It seems pretty clear by now that smartphones are booming at Tier 2 and flat-rate carriers in the United States. But how much bigger will the market get among the smaller carriers, and will it ever measure up to what exists among the largest four U.S. operators?
For the likes of MetroPCS (NASDAQ:PCS), Leap Wireless' (NASDAQ:LEAP) Cricket and U.S. Cellular, smartphones not only represent higher-ARPU customers, but also the carrot that could lure value-conscious consumers at the larger postpaid carriers.
There are some similarities between how smaller carriers and the larger Tier 1s operate in the smartphone market. Both sets of companies have to assiduously choose which vendors to partner with, and which models, designs and feature sets will appeal to their subscribers. Just like the big carriers, the smaller operators go on trips to China, South Korea and Europe to meet with handset OEMs and discuss their wares. The handset makers in turn have incentives to court these carriers: They represent fertile ground as more customers migrate to smartphones. But that's where the similarities stop.
Smaller carriers have to contend with a host of disadvantages that the larger carriers don't when it comes to smartphones. Smaller carriers generally get a smaller selection of models, lower volumes and lower-end feature sets. Some of this is because the prepaid carriers don't subsidize the cost of the phones, meaning a high-end device like the HTC ThunderBolt--$500 to $600 unsubsidized--isn't going to make it onto the shelves of a MetroPCS store any time soon. Tradeoffs have to be made between feature sets and price, and smaller carriers don't have as much power (in terms of size and marketing budgets) as the Tier 1s.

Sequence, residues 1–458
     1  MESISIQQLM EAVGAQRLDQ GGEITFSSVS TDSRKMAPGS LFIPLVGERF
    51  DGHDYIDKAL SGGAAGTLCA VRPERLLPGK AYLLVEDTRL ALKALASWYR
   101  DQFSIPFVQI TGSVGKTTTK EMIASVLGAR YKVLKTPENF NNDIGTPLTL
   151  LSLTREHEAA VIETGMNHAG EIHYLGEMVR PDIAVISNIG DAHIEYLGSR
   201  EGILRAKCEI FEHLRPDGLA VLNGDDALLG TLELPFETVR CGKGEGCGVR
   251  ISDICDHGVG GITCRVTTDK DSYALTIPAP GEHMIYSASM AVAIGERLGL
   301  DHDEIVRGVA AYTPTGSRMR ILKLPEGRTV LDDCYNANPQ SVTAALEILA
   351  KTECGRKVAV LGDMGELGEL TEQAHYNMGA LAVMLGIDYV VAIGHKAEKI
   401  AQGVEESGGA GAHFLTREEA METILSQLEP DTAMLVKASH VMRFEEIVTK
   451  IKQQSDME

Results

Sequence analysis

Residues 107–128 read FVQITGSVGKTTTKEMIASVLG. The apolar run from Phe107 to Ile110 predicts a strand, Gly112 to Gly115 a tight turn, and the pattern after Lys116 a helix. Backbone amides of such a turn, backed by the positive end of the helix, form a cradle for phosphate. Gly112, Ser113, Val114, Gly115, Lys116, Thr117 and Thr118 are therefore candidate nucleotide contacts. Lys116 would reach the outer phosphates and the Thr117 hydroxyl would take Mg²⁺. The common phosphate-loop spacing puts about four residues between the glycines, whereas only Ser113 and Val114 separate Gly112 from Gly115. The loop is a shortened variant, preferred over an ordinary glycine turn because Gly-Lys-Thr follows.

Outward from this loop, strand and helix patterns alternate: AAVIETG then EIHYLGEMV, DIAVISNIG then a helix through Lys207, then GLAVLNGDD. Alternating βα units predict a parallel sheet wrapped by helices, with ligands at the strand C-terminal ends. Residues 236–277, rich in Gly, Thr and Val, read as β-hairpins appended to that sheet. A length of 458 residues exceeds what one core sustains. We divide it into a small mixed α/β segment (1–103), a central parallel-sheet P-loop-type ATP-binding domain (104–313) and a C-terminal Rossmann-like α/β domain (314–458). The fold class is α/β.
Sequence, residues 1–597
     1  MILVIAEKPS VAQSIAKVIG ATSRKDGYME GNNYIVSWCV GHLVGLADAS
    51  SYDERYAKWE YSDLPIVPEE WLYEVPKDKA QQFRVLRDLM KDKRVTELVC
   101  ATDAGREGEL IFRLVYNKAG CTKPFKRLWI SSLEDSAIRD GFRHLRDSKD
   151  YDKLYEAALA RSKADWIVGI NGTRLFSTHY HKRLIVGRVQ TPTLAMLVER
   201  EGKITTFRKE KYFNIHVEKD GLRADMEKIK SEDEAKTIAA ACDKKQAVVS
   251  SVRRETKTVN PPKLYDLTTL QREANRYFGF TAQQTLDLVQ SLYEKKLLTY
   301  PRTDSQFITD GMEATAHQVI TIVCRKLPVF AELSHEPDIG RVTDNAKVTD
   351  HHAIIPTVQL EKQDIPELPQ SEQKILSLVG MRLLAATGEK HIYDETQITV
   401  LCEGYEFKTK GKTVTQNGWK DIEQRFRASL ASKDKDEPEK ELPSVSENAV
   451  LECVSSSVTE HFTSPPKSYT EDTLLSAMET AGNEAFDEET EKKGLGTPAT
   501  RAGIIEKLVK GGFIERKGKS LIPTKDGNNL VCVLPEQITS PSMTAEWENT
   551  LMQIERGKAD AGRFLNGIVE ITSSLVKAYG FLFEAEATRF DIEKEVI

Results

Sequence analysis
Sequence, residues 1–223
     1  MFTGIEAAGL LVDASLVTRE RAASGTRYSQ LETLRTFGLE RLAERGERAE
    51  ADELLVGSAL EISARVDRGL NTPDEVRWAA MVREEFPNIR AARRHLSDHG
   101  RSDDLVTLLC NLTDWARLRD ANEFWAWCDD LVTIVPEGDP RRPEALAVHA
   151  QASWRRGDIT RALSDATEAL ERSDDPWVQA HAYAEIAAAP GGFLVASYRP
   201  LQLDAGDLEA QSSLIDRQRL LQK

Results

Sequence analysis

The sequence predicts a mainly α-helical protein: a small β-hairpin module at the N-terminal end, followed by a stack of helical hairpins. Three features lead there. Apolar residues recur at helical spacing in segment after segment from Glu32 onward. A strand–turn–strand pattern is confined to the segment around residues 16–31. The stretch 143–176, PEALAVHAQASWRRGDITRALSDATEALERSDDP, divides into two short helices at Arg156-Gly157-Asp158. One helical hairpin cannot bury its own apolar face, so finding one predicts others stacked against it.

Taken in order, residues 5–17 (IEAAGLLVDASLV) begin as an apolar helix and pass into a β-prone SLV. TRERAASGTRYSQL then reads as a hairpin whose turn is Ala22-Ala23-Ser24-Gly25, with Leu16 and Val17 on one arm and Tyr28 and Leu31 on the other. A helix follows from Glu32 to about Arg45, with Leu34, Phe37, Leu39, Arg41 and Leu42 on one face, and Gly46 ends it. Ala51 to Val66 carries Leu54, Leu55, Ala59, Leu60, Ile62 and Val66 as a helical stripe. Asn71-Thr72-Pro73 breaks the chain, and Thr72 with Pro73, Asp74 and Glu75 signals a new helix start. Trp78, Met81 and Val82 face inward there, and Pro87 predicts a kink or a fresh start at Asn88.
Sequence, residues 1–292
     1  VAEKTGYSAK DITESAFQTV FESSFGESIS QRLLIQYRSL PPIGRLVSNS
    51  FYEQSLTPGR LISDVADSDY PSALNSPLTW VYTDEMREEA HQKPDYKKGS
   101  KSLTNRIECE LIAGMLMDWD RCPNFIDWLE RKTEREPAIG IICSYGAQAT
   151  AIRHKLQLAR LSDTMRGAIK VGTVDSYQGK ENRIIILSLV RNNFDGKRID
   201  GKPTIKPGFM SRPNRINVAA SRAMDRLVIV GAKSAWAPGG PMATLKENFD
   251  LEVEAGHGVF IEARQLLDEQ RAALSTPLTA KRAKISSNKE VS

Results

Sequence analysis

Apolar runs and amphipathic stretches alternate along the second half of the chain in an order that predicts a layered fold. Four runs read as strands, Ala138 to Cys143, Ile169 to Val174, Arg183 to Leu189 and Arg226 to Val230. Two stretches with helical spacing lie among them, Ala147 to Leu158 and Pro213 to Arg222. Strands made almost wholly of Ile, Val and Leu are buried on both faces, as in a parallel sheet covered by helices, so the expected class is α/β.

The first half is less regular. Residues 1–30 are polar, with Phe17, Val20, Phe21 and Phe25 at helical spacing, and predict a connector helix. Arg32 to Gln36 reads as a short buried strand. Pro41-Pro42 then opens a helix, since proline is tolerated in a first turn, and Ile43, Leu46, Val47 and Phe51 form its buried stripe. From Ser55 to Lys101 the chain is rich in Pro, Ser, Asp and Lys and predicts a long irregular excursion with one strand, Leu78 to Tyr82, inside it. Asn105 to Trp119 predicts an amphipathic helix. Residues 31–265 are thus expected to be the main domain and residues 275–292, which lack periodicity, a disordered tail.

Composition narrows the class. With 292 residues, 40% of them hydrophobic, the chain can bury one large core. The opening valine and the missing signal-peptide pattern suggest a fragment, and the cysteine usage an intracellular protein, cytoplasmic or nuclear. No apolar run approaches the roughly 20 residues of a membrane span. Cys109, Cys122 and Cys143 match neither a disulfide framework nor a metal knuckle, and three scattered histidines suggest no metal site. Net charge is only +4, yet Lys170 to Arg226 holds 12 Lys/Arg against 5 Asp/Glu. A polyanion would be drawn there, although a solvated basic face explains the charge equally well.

"The volumes [at smaller carriers] are not that meaningful," CCS Insight analyst John Jackson told me.
Will this situation change? Smaller carriers likely will keep adding more powerful smartphones to their lineup--what's considered high end today likely won't be in six months. Better screens and faster processors will trickle down to the Tier 2s.
However, I think that, for the most part, the dynamics separating the Tier 1s and Tier 2s largely will remain in place. For every HTC Merge out there--which is not a device to sneeze at and is available at U.S. Cellular and Alltel--there will be an HTC Sensation for T-Mobile USA or an HTC Trophy for Verizon Wireless (NYSE:VZ). The larger carriers will always get the latest and greatest first, because they can afford to and because they have more subscribers to sell to--and the smaller carriers will get the scraps of those hero devices six months down the road.
I explore all of this and more in a new feature on smartphones for Tier 2 and prepaid carriers. Please let me know what you think in the comments. --Phil